As far as hard work is concerned, he is a firm believer in putting in 40-60 hours each week on any enterprise you undertake. Ray is zealous about putting in his time at the studio everyday, and for that reason has developed a body of work over almost four decades that goes well beyond just fresh t-shirt designs every year. Ray has also helped create books, murals and large paintings, and museum exhibits. He’s done public speaking and teaching gigs, and even headlines a “sub-aquatic neo-folk” band called the Ratfish Wranglers.

Ray says new artists need to be bold. They cannot be afraid to put their work online and build a following or walk into stores and ask to speak to the buyer to get their work sold.

Finally, he says, his art is true to himself and his taste and his audience. He must be excited about something and truly think it is cool or interesting to put it on a shirt or a poster and put it in his store. And while he doesn’t pander to his audience, he values the feedback loop he gets. Sales don’t lie!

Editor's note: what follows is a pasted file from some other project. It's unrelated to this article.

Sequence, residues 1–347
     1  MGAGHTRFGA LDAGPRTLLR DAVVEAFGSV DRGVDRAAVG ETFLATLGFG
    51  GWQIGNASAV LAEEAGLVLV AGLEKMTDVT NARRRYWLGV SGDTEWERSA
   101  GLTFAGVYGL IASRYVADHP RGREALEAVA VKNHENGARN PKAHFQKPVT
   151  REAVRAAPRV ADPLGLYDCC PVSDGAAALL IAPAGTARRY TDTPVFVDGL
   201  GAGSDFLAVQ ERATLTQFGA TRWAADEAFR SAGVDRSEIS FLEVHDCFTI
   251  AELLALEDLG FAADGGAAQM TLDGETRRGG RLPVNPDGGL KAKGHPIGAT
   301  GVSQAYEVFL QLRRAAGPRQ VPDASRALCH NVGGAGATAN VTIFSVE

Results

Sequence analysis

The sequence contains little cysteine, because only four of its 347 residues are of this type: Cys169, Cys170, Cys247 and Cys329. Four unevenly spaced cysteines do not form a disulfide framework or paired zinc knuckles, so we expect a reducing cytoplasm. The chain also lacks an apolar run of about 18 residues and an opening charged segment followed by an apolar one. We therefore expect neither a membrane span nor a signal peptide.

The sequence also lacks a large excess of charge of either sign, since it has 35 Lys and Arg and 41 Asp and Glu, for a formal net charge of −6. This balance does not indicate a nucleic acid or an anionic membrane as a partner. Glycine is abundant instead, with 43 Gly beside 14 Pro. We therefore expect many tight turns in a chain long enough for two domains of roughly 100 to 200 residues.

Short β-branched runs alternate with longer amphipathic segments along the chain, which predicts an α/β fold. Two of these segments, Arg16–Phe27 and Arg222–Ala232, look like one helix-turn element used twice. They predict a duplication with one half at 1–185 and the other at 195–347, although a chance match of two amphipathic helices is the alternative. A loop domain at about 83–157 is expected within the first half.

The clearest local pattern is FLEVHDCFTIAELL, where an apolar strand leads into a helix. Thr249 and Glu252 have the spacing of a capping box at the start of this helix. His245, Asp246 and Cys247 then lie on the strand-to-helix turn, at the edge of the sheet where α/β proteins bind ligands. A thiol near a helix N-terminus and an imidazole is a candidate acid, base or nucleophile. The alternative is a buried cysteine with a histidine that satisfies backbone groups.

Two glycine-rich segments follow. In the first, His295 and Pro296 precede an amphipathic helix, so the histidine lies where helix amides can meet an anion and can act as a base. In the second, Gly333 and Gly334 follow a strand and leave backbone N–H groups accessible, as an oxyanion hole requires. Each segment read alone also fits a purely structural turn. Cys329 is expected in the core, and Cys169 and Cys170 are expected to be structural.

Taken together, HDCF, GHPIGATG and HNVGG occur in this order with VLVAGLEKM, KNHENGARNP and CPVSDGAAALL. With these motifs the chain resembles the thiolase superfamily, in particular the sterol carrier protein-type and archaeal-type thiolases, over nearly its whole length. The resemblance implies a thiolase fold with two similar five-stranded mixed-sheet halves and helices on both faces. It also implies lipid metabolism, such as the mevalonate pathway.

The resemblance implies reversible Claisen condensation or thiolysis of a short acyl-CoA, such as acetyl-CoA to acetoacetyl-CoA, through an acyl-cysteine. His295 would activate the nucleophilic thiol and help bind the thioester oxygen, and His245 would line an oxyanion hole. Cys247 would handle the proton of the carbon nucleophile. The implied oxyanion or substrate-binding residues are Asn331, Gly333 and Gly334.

Ray Troll has built an unexpected Alaskan t-shirt empire since the 80s and his art has become iconic of the Southeast Alaska. True to the way Alaskans naturally diversify their skillsets, Ray’s used that platform to seed a number of other interesting ventures, including helping to found arguably Alaska’s best festival: Salmonfest, and we’re excited to see what he does next.

more at

News from the Ray Troll Universe - Category: Uncategorized

Seattle Times Ratfish Wranglers article

Ratfish Wranglers’ skipper, Ray Troll, is hooked on fish-based music, art, nature

Photos and story by Alan Berner, Seattle Times, February 29, 2020

From the In an empty munitions bunker at Fort Worden in Port Townsend, Ray Troll and his band, the Ratfish Wranglers, were rehearsing and recording two songs for an upcoming album. The only light in the old storage space was what spilled through the open, heavy metal doors. The concrete walls provided amplification and resonance.

The battlements used to protect Puget Sound from attack by sea. Obsolete by World War II, the last of the guns were removed never having to fire a shot in war. In 1973, Fort Worden became a state park. The park is now home to Centrum, a gathering place for artists like the Ratfish Wranglers, who came from Ketchikan, Alaska, for a weeklong residency to record songs and put on a performance.